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Mission: Impossible 7 Production Halted After Catastrophic Stunt Gone Wrong

Action movies couldn't exist without stunt performers. In fact, so many films and shows you see involve some kind of stunt work that without them, you'd be watching an empty screen for much of the runtime of your average blockbuster.

Thanks to social media (and, before that, DVD special features) movie-goers are gaining an increased appreciation for the talent and hard work that goes into setting up and performing a stunt. People are more aware than ever that the most important part of stunt work is safety. Even on sets where everything is prepped perfectly, things can do sideways fast.

Tom Cruise, who is credited with doing many of his own stunts, knows very well the risks that go into stunt work. In an interview with Jimmy Fallon for The Tonight Show back in July of 2018, Cruise talked about breaking his ankle on one of the "easy stunts" from Mission: Impossible – Fallout. Unfortunately, the Mission: Impossible franchise is back in the news as its latest entry suffers a shut-down over a stunt gone wrong.

The Mission: Impossible stunt and how it went wrong

Per a report on August 12, 2020 in The Sun, a stunt involving a motorcycle went south very quickly in the United Kingdom for Tom Cruise's seventh Mission: Impossible film. The full action sequence in its entirety allegedly took six weeks of preparation. According to a source, the stunt had already "been a massive challenge to stage and has cost a fortune, not to mention weeks and weeks of construction. But when it came to the big day, it went horribly wrong."

So, what happened with the stunt? The stunt performer on the motorcycle was meant to land on large pillows filled with cardboard in order to soften their landing. Allegedly, there was a miscalculation.

Says the source, "The heat and the friction of the tires meant that when the bike crashed, the cardboard padding sparked and went up in flames." Smoke from the fire was supposedly so intense that a nearby Royal Air Force airfield had to be closed down until the smoke cleared.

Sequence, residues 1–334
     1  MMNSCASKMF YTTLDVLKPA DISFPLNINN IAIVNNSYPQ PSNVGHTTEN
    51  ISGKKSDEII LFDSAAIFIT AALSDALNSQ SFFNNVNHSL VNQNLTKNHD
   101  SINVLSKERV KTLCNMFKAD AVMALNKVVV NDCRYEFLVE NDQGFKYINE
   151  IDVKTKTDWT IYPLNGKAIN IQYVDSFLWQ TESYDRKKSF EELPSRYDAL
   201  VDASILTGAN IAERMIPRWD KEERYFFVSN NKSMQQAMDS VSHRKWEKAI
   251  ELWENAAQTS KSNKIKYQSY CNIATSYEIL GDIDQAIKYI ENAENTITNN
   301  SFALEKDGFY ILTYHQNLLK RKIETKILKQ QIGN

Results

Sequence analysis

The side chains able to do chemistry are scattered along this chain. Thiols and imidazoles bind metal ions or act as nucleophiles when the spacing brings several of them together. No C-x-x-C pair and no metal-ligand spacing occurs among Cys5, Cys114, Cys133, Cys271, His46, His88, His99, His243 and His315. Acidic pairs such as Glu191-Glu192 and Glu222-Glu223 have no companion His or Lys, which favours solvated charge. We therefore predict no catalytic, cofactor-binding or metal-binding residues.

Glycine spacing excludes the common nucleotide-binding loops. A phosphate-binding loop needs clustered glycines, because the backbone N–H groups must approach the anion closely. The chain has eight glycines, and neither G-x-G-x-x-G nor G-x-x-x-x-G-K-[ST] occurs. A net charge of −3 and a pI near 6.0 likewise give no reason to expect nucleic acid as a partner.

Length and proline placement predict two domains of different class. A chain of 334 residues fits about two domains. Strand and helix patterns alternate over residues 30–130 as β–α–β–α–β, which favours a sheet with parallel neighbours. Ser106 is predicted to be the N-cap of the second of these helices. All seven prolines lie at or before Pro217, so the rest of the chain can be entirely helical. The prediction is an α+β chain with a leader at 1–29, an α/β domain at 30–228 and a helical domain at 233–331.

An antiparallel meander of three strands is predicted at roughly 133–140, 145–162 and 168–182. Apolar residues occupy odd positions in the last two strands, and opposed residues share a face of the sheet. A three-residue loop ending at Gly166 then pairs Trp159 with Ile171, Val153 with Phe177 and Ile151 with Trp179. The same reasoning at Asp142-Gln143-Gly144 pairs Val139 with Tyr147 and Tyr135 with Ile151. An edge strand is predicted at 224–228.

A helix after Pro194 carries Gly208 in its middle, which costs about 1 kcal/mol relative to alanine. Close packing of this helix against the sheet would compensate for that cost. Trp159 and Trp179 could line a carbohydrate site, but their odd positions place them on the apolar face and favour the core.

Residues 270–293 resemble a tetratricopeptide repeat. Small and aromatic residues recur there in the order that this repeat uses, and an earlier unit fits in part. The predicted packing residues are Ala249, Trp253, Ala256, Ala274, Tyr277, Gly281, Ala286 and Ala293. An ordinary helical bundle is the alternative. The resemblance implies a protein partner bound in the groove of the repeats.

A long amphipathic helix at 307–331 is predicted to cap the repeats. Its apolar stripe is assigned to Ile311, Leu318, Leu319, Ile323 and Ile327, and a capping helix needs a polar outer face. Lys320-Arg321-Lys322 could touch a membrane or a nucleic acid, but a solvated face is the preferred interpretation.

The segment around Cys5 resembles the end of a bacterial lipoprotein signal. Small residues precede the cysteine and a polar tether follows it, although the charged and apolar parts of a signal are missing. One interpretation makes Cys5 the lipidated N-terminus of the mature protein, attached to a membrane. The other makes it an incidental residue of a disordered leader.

The status of the Mission: Impossible stunt person and further delays

Of course, the first question is whether anyone was injured. Thankfully, the report confirms that there were no injuries from the stunt-gone-wrong. However, the larger issue is that of a now-necessary delay. According to insiders, the set for the latest Mission: Impossible is "temporarily closed" while production figures out what exactly went wrong and likely considers how the cost of reworking such an elaborate and expensive scene will impact the remainder of filming.

Tom Cruise is allegedly frustrated, as this is not the film's first costly delay. Production on the seventh Mission: Impossible was already underway in Venice when the COVID-19 pandemic hit Italy. The Italian government shut down the set and the entire team had to pack up and relocate to an abandoned air base in Oxfordshire. The goal of that location was to craft a kind of production bubble to help reduce delays as much as possible — something that seems, more or less, to have kept the project afloat despite global industry shutdowns — up until this unfortunate accident.

The untitled seventh Mission: Impossible film is currently set for a November 2021 release, but that may change as a result of this latest mishap.